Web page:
1. The pre-Bötzinger complex (PreBötC) generates different inspiratory rhythms. Under control normoxic conditions, a mixture of intrinsic and synaptic properties underlies the generation of eupnoea by the PreBötC. Under hypoxia, those network properties change and modify the respiratory rhythm pattern. Hypoxia can be caused by a reduction in oxygen availability in the environment, inadequate oxygen transport, an inability of tissues to use oxygen or several pathological conditions.
2. During severe hypoxia, the network properties within the PreBötC are reconfigured whereby the network no longer generates eupnoea, but instead generates a new rhythm, named gasping. Such reconfiguration includes changes in synaptic and intrinsic properties triggered by hypoxia itself, as well as the influence of different neuromodulators released during hypoxia. Gasping has been considered an important arousal mechanism that triggers autoresuscitation. Dysregulation of gasping has been proposed to result in failure to autoresuscitate and has been hypothesised to contribute to Sudden Infant Death Syndrome.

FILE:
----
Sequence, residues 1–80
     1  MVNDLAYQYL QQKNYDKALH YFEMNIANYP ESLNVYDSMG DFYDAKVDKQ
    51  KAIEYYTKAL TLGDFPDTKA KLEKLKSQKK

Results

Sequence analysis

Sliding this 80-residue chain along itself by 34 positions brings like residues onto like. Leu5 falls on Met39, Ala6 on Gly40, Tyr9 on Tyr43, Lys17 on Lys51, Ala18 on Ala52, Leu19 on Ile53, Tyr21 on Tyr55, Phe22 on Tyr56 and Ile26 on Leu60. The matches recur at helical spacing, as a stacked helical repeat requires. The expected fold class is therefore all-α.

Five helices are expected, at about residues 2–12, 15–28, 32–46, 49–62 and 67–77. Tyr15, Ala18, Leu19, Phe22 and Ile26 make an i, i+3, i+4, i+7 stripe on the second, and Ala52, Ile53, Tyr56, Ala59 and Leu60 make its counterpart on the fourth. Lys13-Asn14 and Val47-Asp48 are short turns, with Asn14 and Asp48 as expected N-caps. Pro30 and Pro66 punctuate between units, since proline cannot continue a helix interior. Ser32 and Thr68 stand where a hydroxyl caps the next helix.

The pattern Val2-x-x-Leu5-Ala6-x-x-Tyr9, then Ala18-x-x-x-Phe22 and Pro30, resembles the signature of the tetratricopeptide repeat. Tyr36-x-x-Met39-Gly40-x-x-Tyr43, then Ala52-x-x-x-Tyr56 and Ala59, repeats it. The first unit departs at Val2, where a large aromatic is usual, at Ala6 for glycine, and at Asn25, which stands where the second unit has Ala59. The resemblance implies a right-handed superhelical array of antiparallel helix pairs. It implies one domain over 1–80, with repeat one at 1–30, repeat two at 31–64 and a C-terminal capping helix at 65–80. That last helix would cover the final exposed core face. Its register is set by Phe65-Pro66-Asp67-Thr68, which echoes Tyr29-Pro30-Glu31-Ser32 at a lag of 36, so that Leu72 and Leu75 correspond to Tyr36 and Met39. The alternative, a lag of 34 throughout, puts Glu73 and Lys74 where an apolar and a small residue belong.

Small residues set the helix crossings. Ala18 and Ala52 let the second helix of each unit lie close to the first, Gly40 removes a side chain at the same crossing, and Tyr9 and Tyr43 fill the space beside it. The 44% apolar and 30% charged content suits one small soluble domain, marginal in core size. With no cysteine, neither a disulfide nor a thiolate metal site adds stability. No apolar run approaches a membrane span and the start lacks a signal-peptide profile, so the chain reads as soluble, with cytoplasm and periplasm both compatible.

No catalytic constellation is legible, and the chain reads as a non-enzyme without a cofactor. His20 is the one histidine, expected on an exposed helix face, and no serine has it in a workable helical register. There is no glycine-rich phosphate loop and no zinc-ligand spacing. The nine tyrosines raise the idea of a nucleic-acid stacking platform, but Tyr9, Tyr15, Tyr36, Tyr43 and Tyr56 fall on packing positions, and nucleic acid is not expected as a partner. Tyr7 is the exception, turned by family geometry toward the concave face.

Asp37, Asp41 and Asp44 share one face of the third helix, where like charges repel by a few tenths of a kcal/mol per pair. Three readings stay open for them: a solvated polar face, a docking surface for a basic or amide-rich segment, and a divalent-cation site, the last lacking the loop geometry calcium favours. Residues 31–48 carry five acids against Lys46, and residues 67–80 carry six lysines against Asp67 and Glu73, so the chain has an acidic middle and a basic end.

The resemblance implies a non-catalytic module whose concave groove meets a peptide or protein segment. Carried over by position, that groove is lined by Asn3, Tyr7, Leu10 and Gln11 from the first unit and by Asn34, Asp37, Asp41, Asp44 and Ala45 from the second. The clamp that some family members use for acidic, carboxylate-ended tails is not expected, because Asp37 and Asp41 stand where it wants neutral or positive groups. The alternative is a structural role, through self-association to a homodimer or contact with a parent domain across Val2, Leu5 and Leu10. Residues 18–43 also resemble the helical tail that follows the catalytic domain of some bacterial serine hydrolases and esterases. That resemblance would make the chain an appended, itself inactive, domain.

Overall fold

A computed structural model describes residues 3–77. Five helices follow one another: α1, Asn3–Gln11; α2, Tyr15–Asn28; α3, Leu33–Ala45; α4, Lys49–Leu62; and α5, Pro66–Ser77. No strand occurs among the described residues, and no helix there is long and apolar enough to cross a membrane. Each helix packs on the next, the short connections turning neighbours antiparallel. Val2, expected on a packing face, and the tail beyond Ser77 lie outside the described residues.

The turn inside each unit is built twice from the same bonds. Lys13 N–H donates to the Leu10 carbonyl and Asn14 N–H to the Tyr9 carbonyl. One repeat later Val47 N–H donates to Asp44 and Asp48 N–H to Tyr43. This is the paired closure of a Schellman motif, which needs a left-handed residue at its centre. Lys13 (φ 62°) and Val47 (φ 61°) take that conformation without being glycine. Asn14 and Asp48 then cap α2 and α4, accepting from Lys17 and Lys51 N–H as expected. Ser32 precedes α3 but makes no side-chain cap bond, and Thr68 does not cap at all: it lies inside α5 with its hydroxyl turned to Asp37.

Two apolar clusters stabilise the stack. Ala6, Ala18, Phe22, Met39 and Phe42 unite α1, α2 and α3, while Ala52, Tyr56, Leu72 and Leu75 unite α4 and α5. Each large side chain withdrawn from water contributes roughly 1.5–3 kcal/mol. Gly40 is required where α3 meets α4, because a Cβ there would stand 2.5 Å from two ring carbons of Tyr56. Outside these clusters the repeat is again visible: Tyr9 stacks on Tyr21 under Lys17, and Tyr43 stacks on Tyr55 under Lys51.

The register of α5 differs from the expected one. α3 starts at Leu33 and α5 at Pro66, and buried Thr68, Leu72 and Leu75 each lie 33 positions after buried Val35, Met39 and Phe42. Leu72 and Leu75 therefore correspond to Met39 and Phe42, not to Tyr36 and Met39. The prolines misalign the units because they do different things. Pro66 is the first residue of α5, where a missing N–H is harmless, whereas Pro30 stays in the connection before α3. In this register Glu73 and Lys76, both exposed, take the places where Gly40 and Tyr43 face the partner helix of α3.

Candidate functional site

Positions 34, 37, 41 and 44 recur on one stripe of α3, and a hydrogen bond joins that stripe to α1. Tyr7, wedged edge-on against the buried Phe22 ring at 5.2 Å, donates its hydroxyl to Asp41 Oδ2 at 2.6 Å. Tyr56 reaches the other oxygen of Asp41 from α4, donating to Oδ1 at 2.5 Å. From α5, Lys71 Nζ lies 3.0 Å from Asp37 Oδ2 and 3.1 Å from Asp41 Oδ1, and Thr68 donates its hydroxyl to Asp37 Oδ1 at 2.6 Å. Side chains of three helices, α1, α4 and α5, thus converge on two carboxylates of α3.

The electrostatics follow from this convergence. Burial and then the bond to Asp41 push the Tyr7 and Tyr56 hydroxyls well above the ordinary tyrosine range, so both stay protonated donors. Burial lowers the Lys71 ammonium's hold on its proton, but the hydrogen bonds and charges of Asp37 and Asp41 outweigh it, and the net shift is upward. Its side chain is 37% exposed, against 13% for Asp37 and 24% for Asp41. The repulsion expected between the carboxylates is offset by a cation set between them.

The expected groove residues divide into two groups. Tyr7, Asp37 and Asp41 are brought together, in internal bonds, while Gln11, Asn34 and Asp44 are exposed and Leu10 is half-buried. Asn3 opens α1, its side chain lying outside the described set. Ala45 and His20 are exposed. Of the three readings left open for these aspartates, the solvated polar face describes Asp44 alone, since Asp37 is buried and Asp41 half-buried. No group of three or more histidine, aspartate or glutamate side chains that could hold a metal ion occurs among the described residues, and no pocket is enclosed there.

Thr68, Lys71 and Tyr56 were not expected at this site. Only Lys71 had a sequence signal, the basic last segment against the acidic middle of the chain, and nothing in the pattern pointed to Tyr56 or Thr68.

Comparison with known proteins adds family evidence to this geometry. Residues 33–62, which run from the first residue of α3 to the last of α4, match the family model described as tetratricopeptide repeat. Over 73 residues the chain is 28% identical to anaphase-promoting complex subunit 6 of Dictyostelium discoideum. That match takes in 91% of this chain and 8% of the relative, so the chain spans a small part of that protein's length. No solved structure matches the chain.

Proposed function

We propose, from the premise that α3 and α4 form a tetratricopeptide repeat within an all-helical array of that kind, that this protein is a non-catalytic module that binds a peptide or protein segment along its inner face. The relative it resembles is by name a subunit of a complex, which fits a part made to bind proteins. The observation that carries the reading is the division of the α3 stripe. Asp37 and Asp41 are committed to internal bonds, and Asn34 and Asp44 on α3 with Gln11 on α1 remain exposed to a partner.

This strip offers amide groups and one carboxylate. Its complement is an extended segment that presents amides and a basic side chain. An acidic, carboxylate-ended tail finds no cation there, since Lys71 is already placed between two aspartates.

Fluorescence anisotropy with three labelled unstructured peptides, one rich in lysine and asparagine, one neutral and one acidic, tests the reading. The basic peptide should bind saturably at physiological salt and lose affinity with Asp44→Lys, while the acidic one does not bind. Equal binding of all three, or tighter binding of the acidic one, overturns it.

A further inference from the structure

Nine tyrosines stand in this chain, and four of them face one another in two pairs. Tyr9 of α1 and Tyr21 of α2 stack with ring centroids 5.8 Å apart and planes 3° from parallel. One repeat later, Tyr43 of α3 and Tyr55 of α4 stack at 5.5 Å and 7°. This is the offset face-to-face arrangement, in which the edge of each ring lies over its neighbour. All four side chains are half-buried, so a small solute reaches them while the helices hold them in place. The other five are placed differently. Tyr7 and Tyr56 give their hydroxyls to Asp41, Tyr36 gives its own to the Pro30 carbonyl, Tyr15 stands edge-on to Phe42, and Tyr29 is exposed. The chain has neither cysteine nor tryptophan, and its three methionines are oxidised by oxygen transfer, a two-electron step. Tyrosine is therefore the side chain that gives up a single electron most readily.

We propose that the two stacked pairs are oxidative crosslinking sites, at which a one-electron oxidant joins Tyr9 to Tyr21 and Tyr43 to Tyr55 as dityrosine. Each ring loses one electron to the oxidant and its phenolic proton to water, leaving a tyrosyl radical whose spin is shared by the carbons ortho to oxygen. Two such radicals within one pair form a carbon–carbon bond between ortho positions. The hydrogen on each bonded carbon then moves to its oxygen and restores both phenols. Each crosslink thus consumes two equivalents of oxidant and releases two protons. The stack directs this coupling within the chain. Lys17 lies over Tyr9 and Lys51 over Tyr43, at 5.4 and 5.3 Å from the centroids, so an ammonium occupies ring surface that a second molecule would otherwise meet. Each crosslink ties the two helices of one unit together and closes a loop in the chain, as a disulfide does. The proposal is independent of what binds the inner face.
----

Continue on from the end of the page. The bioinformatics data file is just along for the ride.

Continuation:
3. Precisely which synaptic and/or neuronal intrinsic membrane properties are critical to central respiratory rhythmogenesis, in either normoxia or hypoxia, is still the subject of considerable debate. In the present article I review how hypoxia alters the respiratory network and discuss my hypotheses regarding the cellular and network mechanisms involved in gasping rhythm generation. Finally, I review changes in the hypoxic response during postnatal development and the contribution of several neuromodulators to such a response.